Popular U.S. Telecommunications service and Internet Service Provider, Verizon, has resisted a recent RIAA demand to bypass the courts and obtain user information directly from the ISP. The RIAA's plan was to "identify alleged music pirates"... I figure this would be an attempt at a tag n' bag sort of thing. Verizon's reasoning: "it could turn Internet providers into a turnstile for piracy suits and put innocent customers at risk."
Music companies tried to persuade a judge Friday to let them obtain names of Internet file-swappers without going to court first, a move that could dictate how copyright holders deal with Internet piracy in the future.More information @ Silicon Valley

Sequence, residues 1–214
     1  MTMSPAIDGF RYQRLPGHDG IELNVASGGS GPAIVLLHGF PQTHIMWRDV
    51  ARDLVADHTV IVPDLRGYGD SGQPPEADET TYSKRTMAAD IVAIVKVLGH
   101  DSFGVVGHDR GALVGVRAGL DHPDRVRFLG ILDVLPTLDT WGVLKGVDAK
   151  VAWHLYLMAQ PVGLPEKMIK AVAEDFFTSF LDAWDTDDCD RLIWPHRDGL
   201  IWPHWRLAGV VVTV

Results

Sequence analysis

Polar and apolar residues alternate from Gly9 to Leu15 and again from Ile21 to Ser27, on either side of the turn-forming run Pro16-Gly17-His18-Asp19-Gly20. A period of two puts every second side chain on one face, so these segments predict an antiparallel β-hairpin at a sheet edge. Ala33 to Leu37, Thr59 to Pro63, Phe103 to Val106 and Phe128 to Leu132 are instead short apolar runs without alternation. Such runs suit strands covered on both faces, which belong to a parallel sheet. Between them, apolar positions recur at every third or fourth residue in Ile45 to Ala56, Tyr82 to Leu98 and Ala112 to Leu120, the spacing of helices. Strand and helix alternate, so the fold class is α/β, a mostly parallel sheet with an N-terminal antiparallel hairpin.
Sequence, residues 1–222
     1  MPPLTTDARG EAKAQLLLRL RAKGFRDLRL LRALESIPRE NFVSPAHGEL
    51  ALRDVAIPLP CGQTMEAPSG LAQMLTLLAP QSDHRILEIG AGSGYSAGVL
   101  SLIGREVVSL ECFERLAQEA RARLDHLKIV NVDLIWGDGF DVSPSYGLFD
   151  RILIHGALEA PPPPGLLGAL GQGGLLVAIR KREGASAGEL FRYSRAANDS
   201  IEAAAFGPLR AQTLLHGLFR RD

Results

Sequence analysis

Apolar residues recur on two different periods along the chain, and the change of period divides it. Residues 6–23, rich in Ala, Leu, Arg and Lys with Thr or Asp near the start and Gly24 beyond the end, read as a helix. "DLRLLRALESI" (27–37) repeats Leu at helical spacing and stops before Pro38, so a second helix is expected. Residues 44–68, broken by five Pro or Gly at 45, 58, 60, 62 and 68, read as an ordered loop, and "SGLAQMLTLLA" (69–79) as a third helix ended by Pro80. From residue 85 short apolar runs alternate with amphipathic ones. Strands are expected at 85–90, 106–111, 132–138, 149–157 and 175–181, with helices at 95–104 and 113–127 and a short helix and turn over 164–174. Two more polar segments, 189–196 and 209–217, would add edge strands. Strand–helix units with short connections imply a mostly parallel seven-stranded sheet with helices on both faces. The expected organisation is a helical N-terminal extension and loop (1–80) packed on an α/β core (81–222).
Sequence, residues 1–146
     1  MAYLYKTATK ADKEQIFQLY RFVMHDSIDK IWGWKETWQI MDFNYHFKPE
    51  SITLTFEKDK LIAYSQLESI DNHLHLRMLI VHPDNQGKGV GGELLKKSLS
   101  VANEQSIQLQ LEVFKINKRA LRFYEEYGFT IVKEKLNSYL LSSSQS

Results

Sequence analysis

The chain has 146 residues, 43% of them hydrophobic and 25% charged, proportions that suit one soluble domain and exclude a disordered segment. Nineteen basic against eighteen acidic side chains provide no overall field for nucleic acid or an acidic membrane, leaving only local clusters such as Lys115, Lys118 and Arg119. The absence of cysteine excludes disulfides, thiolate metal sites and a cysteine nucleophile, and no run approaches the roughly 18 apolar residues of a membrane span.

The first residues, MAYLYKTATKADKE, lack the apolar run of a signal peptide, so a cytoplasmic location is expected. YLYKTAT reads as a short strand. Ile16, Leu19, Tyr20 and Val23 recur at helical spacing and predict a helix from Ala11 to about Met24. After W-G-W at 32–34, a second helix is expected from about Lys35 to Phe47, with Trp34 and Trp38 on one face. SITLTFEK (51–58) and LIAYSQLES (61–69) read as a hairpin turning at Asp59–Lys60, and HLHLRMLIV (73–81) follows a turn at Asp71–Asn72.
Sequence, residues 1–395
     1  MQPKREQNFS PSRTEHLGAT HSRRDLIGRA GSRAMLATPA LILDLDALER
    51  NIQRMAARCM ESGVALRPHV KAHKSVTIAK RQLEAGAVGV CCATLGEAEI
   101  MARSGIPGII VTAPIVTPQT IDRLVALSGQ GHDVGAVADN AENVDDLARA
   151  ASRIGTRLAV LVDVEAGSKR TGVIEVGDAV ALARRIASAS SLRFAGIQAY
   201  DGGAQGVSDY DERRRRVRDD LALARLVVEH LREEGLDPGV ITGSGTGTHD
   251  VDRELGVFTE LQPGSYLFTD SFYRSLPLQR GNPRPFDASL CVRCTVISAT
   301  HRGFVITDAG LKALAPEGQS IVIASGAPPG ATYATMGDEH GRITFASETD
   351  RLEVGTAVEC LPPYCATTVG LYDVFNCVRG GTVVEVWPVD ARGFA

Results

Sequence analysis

''Wouldn't that be a lot easier way to let people know that they are in fact not anonymous and there could be consequences?'' asked Cary Sherman, RIAA's general counsel.
Verizon said that since the hundreds of songs up for trade by the anonymous Verizon customer at the center of the case sit on the person's computer rather than Verizon's network, it is not required to automatically give up the subscriber's name.
''Verizon was a passive conduit at most,'' said Eric Holder, a former Justice Department prosecutor who represented Verizon. Holder said the music industry's strategy could create a contentious relationship between Verizon and its customers and put the Internet provider in the position of handing over names to the music companies without a judicial determination of piracy.